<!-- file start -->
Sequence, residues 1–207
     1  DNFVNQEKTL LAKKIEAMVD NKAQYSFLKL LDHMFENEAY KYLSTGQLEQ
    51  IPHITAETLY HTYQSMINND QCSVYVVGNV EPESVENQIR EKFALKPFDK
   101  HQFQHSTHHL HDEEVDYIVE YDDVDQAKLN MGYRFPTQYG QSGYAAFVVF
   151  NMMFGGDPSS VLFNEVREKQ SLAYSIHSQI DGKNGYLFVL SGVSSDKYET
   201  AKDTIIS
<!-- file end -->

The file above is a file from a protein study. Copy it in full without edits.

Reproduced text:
Sequence, residues 1–207
     1  DNFVNQEKTL LAKKIEAMVD NKAQYSFLKL LDHMFENEAY KYLSTGQLEQ
    51  IPHITAETLY HTYQSMINND QCSVYVVGNV EPESVENQIR EKFALKPFDK
   101  HQFQHSTHHL HDEEVDYIVE YDDVDQAKLN MGYRFPTQYG QSGYAAFVVF
   151  NMMFGGDPSS VLFNEVREKQ SLAYSIHSQI DGKNGYLFVL SGVSSDKYET
   201  AKDTIIS